My left leaning musings on law and politics.
It ain't going to happen for you. Just give up. Marriage has been around since the beginning and it has never ever been gay. What gives you the right to change the definition of what marriage has been for over 5,000 years or so? Since when does 3% get to tell the rest how to live?
Well my friend, it already has happened for me thankfully. I was married in Canada earlier this year, and live here with all the rights and responsibilities that it entails.As for your insinuation about changing the definition of marriage...I would encourage you to read more of my posts on this topic, they are not hard to scroll down and read.And yes you are right, marriage has been around since the beginning, but I would bet that if we took the "original" definition of marriage, your own marriage would most likely be illegitimate as well. Thats they key, words and meanings change over time. There is no one set meaning for a word or an idea.
Chris, you need to educate yourself about the history of same-sex marriages "since the beginning"http://en.wikipedia.org/wiki/History_of_same-sex_unionsWhile it is a relatively new practice that same-sex couples are being granted the same form of legal marital recognition as commonly used by mixed-sexed couples, there is a long history of recorded same-sex unions around the world. Various types of same-sex unions have existed, ranging from informal, unsanctioned relationships to highly ritualized unions. It is believed that same-sex union was a socially recognized institution at times in Ancient Greece and Rome, some regions of China, such as Fujian, and at certain times in ancient European history. These gay marriages continued until Christianity became the official religion of the Roman Empire. A law in the Theodosian Code (C. Th. 9.7.3) was issued in 342 AD by the Christian emperors Constantius II and Constans. This law prohibited same-sex marriage in ancient Rome and ordered that those who were so married were to be executed.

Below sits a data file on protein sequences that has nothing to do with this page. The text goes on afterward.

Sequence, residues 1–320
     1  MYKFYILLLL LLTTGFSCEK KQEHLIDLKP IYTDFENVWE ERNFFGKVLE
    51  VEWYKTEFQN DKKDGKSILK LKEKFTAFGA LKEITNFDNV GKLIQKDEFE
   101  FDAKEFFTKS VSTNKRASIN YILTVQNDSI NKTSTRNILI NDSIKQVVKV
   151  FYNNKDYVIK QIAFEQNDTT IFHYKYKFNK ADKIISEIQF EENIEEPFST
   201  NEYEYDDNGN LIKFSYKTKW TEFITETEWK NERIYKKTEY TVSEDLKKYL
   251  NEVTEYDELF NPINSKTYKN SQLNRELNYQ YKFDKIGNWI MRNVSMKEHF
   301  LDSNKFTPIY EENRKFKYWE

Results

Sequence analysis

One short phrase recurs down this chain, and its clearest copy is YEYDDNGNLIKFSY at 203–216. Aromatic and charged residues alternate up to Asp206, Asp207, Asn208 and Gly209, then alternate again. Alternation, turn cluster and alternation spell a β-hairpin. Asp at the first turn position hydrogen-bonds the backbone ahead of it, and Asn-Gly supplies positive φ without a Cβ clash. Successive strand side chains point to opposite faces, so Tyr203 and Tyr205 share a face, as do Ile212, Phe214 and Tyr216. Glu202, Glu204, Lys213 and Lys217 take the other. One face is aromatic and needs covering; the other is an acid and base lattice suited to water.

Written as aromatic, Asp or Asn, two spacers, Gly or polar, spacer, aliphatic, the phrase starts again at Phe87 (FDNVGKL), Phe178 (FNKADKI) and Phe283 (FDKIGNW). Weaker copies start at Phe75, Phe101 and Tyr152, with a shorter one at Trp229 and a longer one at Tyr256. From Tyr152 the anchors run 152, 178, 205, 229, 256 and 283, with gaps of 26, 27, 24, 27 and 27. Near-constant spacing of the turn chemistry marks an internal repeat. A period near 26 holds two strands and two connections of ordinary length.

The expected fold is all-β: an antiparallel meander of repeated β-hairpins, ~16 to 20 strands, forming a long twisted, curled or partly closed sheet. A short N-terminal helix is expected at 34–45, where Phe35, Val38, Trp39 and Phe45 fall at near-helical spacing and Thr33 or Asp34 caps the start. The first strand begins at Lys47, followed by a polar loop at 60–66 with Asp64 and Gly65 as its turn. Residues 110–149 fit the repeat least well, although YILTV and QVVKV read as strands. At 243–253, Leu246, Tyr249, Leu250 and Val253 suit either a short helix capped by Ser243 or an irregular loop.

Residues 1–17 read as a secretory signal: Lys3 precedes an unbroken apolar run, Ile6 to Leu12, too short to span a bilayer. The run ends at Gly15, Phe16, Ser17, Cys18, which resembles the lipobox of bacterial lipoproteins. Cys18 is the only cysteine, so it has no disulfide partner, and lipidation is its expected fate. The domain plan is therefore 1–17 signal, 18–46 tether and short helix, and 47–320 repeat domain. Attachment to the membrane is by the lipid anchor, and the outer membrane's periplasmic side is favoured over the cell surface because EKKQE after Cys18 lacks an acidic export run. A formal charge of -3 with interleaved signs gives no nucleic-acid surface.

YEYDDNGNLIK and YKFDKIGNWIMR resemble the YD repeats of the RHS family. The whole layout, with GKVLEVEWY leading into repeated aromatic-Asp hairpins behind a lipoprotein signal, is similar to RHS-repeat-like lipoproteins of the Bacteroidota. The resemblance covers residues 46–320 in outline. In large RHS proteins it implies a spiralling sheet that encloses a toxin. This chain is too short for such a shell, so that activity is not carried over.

What a mean person you are, Chris,By Dr. Drew Pinsky:… never did the founding generations expect that we might see the advent of a system where a simple appeal to a majority could result in any whim the majority might decide to assert.A main concern of the founding fathers was to create a system that was sufficiently balanced and thoughtful so as to buffer against one group exerting its will upon another. This to them, was nothing other than mob rule...Throughout history democracies have inevitably fractured and failed. Even the Greeks felt that a democracy was impossible in populations greater than 100,000 members. Not only are we so much larger but more heterogeneous making this even more treacherous.Alexis De Toqueville, a Frenchman who came to America in the opening decades of the nineteenth century to study Democracy in America, in his objective assessment remained very concerned that our system had a potential to allow for something he called the Tyranny of the Majority. That is to say he was concerned that merely by being a majority one group could exert its will upon another, even restrict its civil liberties and rights.Unfortunately, the referendum system in the State of California has become the mechanism for actualizing precisely this tyranny. The California Supreme Court determined that the argument against same sex marriage was untenable.The opinion, written by Chief Justice Ronald M. George, cited the Court's 1948 decision in Perez v. Sharp where the state's interracial marriage ban was held unconstitutional. It found that "equal respect and dignity" of marriage is a "basic civil right" that cannot be withheld from same-sex couples, that sexual orientation is a protected class like race and gender, and that any classification or discrimination on the basis of sexual orientation is subject to strict scrutiny under the Equal Protection Clause of the California State Constitution (source: Wikipedia).In other words it was the concerted opinion of the judicial authority that the logic used against interracial marriage was the same as that, which was being used against same sex marriages. In spite of this very clear understanding of the law and the logic of prejudice, the response rendered by the referendum system with the passage of Proposition 8 was: “too bad”.Now my point here is not to get into whether or not gay marriage is good, right or should even be included in the definition of what we consider marriage. My concern is that the referendum system in California can rescind the civil rights of a minority group, independent of the operation of other governmental authority.Abraham Lincoln famously argued in his debates with Stephen Douglas that there are certain things that the majority simply cannot decide. We simply could not allow for a majority to decide that it is acceptable to enslave another population of humans no matter how substantial that majority.He famously quipped that “squatter sovereignty’s” right to determine whether or not a state should be free or slave was based on an argument that was thinner that the soup made from the shadow of a pigeon that was starved to death! And so are the arguments flying about today to justify and legitimate Prop 8 and the Referendum system from which it was unleashed.I ask my fellow citizens to give this careful thought. The protection against the tyranny of the majority has been an important consideration throughout the history of our government and we have quietly allowed, out of our own ignorance and apathy, a very important threshold to be crossed. A majority has restricted the basic civil rights of a minority. Beware, it may be your rights next to be trampled merely because there are enough people who think it should be so.